• Don’t lose your focus on the fundamentals. What is a Green Beret, if not first a soldier with exceptionally trained and well-honed skills of the profession? In Trent’s experience running Salt Hair Lounge, a focus on entrepreneurial fundamentals is no less of a gamechanger in the workforce than mastery of tactical fundamentals is on the battlefield. “We’ve chosen the verbiage ‘beauty in the basics’ to describe our approach to this,” says Trent, “and it echoes the Special Operations belief in ‘brilliance in the basics.’ There’s no denying that social media is an important pillar of what any business needs to be doing in this day and age, but not at the expense of the basics. There is still no replacement for the marketing opportunities that are right in front of us, but which we tend to overlook: particularly when it comes to going to the ground with business cards, networking with other local businesses, setting up local events, and identifying opportunities for collaboration and cross-promotion.”
  • Build bridges with the local community. Along those same lines: while your days may be numbered of actual community bridge-building as part of your Green Beret mission set, there are great benefits to metaphorically applying the concept of ‘bridge building’ to your civilian business pursuits. Says Trent: “The community aspect of the salon is something we emphasize, as well as networking with other communities nearby, working with other businesses, choosing a hand-picked local lender to finance the business, and focusing locally on growing our client base. Key to our core values at Salt Hair Lounge is the idea that we are not just doing hair; we are making our community beautiful, and being value-added members of what we have here in Olympia. I don’t want to be the type of business that just cranks out clients with a production-line mentality; we strive to build a team at Salt that emphasizes building personal connection with clients, giving them the individualized care that they missed out on during the pandemic, and providing them with an environment where they can leave everything else behind and experience a true sense of escape.”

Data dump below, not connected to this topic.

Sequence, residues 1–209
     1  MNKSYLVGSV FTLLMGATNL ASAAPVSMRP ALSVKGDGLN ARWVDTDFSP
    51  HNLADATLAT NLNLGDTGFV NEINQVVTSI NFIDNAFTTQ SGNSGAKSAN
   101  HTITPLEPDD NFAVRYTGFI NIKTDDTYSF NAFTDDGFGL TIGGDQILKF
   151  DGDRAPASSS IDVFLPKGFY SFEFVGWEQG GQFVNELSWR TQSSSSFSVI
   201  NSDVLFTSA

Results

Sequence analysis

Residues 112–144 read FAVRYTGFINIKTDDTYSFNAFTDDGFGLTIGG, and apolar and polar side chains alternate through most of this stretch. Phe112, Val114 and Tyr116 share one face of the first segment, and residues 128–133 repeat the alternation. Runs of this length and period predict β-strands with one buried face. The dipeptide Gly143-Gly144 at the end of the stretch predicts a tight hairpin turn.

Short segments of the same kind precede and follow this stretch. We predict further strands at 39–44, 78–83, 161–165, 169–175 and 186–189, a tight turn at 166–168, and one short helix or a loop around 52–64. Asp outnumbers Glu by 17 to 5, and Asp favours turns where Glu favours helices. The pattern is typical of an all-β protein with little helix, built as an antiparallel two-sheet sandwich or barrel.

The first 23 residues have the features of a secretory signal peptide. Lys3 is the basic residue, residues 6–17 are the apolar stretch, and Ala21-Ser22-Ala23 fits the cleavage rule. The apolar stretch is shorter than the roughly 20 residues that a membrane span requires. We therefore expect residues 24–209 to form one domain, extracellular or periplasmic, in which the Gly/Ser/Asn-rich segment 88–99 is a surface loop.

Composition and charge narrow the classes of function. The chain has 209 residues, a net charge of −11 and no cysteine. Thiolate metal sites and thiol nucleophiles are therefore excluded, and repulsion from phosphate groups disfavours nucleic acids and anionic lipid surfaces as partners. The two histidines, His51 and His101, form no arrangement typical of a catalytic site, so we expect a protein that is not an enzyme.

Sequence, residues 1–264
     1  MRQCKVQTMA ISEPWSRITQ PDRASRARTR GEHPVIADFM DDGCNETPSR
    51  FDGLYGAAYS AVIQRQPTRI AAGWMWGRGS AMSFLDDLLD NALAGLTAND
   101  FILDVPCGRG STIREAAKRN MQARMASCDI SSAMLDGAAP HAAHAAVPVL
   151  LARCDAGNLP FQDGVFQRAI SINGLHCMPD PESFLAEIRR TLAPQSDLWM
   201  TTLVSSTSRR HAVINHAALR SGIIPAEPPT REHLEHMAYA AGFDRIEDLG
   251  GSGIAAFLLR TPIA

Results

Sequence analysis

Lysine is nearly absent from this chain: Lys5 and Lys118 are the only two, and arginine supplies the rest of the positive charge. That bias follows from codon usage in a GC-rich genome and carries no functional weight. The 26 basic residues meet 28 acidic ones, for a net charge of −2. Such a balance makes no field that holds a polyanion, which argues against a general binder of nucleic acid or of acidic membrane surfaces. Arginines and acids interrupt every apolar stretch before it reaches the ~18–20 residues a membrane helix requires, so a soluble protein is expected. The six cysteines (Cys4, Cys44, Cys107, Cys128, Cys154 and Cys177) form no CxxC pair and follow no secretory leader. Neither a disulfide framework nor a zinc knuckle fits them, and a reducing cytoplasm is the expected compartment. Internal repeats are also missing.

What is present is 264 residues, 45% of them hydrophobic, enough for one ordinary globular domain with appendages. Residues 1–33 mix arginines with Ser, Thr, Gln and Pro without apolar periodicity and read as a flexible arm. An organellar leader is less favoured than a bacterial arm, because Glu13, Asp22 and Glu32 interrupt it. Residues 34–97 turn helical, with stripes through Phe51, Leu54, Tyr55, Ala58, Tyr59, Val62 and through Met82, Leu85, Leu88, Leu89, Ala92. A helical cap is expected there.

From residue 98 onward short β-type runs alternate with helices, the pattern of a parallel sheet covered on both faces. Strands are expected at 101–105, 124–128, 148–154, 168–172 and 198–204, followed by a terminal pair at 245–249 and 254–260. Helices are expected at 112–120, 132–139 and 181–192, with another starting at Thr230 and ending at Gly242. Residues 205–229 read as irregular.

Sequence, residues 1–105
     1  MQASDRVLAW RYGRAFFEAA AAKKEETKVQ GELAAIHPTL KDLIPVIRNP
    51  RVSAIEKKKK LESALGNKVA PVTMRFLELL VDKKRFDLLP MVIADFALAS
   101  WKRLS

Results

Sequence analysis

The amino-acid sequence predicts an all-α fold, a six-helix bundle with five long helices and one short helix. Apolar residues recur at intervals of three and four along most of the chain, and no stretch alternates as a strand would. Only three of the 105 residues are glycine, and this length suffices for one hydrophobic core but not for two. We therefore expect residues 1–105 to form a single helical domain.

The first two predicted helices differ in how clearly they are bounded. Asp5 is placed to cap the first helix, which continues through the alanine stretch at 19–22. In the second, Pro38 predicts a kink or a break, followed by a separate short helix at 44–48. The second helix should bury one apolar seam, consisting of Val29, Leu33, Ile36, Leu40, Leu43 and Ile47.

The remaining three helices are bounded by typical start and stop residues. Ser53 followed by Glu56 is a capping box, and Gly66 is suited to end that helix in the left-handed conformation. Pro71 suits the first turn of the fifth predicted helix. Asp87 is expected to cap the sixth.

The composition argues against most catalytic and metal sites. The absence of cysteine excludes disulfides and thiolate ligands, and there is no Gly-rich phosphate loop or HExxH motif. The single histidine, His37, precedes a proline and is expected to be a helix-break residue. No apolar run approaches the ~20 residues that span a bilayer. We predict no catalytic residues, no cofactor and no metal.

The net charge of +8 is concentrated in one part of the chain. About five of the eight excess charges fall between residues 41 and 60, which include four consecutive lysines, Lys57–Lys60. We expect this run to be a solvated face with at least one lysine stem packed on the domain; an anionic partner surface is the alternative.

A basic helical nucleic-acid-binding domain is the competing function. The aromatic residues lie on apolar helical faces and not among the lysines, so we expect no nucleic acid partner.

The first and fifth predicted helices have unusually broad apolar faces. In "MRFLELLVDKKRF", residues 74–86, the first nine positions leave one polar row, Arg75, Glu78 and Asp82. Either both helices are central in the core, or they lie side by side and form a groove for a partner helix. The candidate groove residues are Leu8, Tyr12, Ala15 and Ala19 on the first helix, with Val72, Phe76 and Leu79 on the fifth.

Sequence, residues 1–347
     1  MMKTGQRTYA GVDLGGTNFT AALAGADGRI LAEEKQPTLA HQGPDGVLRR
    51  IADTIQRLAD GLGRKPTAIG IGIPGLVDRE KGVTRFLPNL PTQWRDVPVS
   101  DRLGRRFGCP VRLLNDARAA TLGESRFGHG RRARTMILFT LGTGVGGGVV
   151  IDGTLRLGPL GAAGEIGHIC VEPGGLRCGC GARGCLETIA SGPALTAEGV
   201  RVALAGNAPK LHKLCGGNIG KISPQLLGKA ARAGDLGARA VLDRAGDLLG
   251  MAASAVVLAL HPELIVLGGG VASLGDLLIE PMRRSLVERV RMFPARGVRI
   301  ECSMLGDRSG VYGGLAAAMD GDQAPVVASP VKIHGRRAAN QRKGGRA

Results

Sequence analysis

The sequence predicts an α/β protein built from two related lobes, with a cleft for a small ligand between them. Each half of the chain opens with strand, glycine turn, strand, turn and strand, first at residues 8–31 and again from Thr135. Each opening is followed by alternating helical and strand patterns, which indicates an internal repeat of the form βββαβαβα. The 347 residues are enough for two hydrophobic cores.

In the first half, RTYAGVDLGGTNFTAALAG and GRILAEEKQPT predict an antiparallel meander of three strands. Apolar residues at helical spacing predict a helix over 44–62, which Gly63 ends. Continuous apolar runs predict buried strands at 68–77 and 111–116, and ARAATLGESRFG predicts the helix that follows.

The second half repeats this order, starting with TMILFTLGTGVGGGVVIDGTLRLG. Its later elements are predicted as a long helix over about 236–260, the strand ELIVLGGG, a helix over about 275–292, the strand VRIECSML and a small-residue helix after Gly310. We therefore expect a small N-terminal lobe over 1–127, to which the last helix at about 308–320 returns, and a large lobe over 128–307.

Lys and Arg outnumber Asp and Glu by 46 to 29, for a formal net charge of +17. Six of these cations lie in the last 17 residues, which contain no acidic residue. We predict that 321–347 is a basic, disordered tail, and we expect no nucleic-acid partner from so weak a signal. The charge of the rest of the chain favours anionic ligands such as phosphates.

• Show up for your people. Just as you and your ODA took care of each other throughout your military careers, the same leadership characteristics which earn trust on a team of Green Berets work just as well in the civilian workplace—even when you’re a male Special Forces soldier who owns a salon entirely staffed by females under the age of 25. Even though he is still active duty, Trent makes a point of showing up at the salon every morning on his way to work, and returns in the evenings or even at lunchtime if needed. Additionally, he welcomes the challenge of leading this team of young female stylists, bringing a dash of Green Beret-style personal development coaching into the mix: “I think that my purpose is to lead and mentor on various scales,” he says, “so being able to connect with our staff, connecting with them on a human level, trying to understand what they have going on in life, and recognizing the challenges that they are going through, is something that I see as a critically important aspect of salon ownership.” The salt investment in their team of stylists is evident even from looking over their website, where ample space is afforded to each stylist with a professional portrait and detailed bio—small details which go a long way towards helping team members feel valued.